Mayor Brad McCloud wants to add to the city's IT staff, saying Reynoldsburg has "limped along" with only one full-time department employee for too long.

Mayor Brad McCloud wants to add to the city's IT staff, saying Reynoldsburg has "limped along" with only one full-time department employee for too long.

"I'm proposing we move funds around to hire a network administrator," he said at a finance committee meeting Nov. 5. "We would be using originally appropriated funds."

McCloud asked that council approve transferring $14,000 from the salary/elected officials account, placing $9,300 in the wages/staff account and moving other amounts to total $14,000 to pay for a network administrator through the end of this year.

The committee agreed to McCloud's request to send the appropriate legislation on to the full council as an emergency so it can be approved after just one reading instead of the usual three.

Finance committee members also agreed to return an ordinance regarding the redesign of the city website to the full council for a second reading. If approved, the legislation would authorize McCloud to enter into a contract with AFS (At First Site Inc.) for the work.

The first reading was held Oct. 22 after council discussed a contract with AFS during finance committee meetings on Oct. 15.

City IT Director Scott Teeters said the contract calls for paying AFS just under $30,000 for redesigning and hosting Reynoldsburg's website, with monthly support fees of $560 for two years.

AFS has designed websites for other central Ohio cities, school districts and corporations, including the cities of Gahanna and Delaware, which Councilman Cornelius McGrady III said he has viewed.

"I wanted to look at how AFS had designed their sites," he said. "It took forever for me to find the pay link for water bills on the Gahanna site. My suggestion is to make our website as user-friendly as possible."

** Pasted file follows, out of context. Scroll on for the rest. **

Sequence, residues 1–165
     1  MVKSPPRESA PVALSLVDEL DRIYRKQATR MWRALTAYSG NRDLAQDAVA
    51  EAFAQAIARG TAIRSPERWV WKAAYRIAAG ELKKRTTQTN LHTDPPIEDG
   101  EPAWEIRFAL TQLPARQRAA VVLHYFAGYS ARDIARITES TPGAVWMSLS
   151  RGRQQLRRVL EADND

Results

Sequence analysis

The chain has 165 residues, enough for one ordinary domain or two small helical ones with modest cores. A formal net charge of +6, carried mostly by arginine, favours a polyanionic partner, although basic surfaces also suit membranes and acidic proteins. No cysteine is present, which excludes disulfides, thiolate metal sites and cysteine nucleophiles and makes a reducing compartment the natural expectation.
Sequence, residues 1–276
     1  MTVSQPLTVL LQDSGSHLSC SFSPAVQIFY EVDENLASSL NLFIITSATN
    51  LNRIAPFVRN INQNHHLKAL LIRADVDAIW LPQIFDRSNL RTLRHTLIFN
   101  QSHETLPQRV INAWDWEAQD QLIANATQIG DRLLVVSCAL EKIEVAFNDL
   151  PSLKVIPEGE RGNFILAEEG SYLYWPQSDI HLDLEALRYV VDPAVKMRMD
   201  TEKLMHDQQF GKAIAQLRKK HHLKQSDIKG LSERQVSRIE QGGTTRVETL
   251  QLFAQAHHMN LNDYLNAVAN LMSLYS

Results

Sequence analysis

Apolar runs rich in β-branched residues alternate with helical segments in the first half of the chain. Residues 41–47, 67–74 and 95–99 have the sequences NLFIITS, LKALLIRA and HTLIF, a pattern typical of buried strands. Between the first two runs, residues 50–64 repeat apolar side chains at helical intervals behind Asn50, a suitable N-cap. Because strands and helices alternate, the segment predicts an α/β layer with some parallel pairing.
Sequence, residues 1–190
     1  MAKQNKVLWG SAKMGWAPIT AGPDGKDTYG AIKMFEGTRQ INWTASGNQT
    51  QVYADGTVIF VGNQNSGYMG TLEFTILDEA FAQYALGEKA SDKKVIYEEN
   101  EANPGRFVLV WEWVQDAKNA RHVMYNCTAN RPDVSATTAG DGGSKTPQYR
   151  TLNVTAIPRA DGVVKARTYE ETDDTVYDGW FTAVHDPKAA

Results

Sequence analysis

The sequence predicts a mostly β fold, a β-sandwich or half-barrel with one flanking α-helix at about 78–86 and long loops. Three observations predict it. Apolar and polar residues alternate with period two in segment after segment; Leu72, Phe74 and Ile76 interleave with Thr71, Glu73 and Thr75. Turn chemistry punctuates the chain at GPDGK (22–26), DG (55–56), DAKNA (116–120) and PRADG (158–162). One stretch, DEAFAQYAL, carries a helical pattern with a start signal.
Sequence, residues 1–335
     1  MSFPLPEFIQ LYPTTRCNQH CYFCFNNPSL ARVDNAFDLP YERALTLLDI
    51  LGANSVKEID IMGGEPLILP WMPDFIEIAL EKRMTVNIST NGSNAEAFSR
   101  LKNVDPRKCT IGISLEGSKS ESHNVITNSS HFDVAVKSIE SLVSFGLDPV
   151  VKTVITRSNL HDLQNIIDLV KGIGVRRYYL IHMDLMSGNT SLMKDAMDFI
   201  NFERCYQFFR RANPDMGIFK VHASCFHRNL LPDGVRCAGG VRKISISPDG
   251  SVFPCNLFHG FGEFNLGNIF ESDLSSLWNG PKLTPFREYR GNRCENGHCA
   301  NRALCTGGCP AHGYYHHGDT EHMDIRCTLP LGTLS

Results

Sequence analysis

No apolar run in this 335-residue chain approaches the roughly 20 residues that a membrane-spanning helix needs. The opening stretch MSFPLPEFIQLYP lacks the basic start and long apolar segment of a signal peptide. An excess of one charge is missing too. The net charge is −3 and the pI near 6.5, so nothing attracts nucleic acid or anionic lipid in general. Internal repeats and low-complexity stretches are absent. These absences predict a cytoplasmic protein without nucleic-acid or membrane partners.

Teeters said council members could decide which links would go on the first page of the website during the planning process.

Also on Monday, council's community development committee discussed the city's use of school district buildings and the high school fieldhouse. McGrady said he was concerned after hearing that the public no longer has access to the high school fieldhouse.

"Parks and Rec said there is no longer an agreement in place with the school district," he said.

Phil Kiser, acting director of the parks and recreation department, said the district has kept its facilities "as open as possible."

"Access to the fieldhouse has been a problem because the school is now using it so much themselves," Kiser said. "The in-season sports teams have first priority, then the next season teams. It has not helped that the main gymnasium on the Livingston campus has been out of commission because it is storing supplies for a renovation."

Kiser said the fieldhouse was open to the public "a few years ago," from 7:30 a.m. to 10:30 p.m. Monday through Thursday.

"Those times are no longer available to the general public because of increased school use," he said.